- Citing top statutory tax rates is a poor way to compare taxes between countries. In 2009, the United States’ top federal statutory estate tax rate is 45 percent. But this does not mean that taxable estates owe 45 percent of their value in taxes. The 45 percent rate applies only to the portion of an estate’s value that exceeds the exemption level of $3.5 million per person, and estates can further decrease their estate tax liability through various deductions and other provisions. The Urban-Brookings Tax Policy Center has estimated that if the estate tax is retained in its current form (i.e., its parameters in 2009), the very small number of estates that will be taxable in 2011 will owe, on average, less than one-fifth of their value (19.4 percent) in taxes.
A number of other countries levy estate or comparable taxes on a broader tax base (i.e., they allow fewer exemptions, deductions, and special preferences). Experts agree that the sound way to compare revenue levels across countries is to look at revenues as a share of GDP, not at statutory tax rates before expansions or other preferences are taken into account.
- Many countries tax accumulated wealth by means of wealth or wealth transfer taxes (such as inheritance taxes) rather than an estate tax, and those taxes must be in included in international comparisons.
Of the 22 OECD countries that levied some form of estate, inheritance, or wealth tax in 2007 (or the latest year for which data are available), U.S. estate tax revenues were below average for wealth and wealth transfer taxes as a share of GDP. Moreover, the U.S. estate tax’s exemption level has nearly doubled since 2007, rising from $2 million per person to $3.5 million, so U.S. estate taxes undoubtedly are lower now than they were in 2007.
The estate tax has been phasing down over the last several years; in its current (2009) form, the estates of fewer than three of every 1,000 people who die will owe any estate tax whatsoever. Going even further and making the estate tax weaker than its current form would be both unwise and fiscally irresponsible. Claims that weakening the tax further would boost national saving or address a supposed U.S. disadvantage in tax burdens are no more persuasive now than when they were first raised.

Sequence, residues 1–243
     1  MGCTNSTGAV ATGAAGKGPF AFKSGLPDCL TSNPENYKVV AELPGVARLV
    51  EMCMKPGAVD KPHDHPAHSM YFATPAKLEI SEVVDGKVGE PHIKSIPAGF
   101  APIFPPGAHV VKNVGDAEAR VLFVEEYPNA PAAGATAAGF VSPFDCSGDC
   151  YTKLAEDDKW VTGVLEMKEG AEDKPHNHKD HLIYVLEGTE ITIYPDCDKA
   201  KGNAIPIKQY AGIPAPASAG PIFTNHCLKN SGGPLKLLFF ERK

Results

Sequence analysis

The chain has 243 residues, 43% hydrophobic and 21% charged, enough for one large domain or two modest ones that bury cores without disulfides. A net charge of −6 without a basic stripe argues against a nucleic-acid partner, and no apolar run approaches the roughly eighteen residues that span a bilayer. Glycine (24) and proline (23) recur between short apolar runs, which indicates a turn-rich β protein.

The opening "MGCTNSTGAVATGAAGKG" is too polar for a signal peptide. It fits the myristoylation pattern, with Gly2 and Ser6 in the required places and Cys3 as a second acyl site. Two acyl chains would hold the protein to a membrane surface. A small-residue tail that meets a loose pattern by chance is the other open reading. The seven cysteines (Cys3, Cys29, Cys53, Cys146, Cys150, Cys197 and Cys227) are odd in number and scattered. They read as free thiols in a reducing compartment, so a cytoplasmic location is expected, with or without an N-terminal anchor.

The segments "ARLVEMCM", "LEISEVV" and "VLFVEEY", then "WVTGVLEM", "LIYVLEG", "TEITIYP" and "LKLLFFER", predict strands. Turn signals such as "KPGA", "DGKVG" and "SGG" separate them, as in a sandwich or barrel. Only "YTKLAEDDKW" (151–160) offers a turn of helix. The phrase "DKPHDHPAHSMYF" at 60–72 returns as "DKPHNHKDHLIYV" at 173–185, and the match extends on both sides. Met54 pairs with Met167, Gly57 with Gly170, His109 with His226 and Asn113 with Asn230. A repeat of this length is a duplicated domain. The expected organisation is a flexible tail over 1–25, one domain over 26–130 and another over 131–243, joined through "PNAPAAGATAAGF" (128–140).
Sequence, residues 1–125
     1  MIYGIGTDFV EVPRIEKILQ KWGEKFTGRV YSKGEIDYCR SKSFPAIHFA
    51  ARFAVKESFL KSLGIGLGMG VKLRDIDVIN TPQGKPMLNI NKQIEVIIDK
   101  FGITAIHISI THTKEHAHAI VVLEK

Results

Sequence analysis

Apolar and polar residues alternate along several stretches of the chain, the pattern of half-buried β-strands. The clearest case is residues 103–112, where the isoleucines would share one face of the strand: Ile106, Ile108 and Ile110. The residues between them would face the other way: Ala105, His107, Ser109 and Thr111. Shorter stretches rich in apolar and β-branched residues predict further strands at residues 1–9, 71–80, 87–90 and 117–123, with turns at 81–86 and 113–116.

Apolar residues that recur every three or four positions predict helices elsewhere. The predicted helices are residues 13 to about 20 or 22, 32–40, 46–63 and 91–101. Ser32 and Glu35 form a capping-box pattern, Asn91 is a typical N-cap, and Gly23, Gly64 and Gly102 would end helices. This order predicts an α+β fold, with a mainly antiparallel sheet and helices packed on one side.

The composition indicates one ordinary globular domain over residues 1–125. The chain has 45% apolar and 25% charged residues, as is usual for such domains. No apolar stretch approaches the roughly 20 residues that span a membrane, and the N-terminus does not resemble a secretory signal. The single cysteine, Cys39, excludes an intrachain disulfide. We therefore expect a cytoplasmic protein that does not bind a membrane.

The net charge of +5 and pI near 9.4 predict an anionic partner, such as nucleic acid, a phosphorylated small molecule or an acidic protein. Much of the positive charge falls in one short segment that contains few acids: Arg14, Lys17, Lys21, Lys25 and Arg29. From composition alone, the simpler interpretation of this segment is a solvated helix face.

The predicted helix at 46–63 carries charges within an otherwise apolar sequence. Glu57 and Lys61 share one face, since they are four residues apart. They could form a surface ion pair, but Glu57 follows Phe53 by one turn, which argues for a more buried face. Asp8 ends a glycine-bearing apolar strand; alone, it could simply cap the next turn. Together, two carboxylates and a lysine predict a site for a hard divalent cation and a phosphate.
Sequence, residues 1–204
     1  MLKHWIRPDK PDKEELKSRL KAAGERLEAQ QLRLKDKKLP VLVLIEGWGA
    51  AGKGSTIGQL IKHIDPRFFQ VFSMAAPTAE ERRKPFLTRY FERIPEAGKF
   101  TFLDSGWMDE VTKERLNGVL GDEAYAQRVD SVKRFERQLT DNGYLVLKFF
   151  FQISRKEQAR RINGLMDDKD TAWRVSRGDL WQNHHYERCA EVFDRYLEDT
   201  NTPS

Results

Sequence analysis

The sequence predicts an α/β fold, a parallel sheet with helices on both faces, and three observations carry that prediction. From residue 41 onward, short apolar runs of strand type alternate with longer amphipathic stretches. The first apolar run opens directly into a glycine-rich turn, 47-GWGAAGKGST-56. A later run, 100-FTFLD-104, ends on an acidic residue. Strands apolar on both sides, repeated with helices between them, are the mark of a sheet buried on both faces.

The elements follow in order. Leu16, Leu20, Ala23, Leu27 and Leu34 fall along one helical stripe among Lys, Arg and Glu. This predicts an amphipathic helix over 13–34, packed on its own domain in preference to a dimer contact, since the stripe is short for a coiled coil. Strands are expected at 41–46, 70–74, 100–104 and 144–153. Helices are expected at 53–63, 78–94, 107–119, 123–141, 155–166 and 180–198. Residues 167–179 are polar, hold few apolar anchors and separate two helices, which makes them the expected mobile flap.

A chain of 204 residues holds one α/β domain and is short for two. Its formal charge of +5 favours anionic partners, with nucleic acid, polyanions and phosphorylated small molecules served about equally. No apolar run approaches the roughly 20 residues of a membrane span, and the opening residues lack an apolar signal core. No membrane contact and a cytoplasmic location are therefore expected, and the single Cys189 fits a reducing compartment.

Wall Street Journal, “Estates of Pain,” January 12, 2009, http://online.wsj.com/article/SB123180759988175649.html?mod=article-outset-box
 Wall Street Journal.
 The WSJ editorial cited a 2006 Joint Economic Committee study in support of this claim. The ideological JEC study, however, is deeply flawed. For a detailed discussion of its shortcomings, see Aviva Aron-Dine, “Estate Tax Repeal Would Decrease National Saving: Long-Run Impact on Economy Negligible and Possibly Negative,” Center on Budget and Policy Priorities, June 8, 2006, http://www.cbpp.org/6-8-06tax.htm. The JEC study referred to is Joint Economic Committee, “Costs and Consequences of the Federal Estate Tax,” May 2006.
 Jane Gravelle and Steven Maguire, “Estate and Gift Taxes: Economic Issues,” Congressional Research Service,” updated January 26, 2007.
 This cost includes $1 trillion of lost revenues and $277 billion of higher interest payments on the national debt. See Chye-Ching Huang, “The High Cost of Estate Tax Repeal,” Center on Budget and Policy Priorities, updated January 28, 2009, http://www.cbpp.org/6-5-06tax.htm; also see Chye-Ching Huang, “Congress Should Not Weaken Estate Tax Beyond 2009 Parameters,” Center on Budget and Policy Priorities, January 27, 2009, http://www.cbpp.org/1-27-09tax.htm.
 For further discussion, see Chye-Ching Huang, “Congress Should Not Weaken Estate Tax Beyond 2009 Parameters,” Center on Budget and Policy Priorities, January 27, 2009, http://www.cbpp.org/1-27-09tax.htm.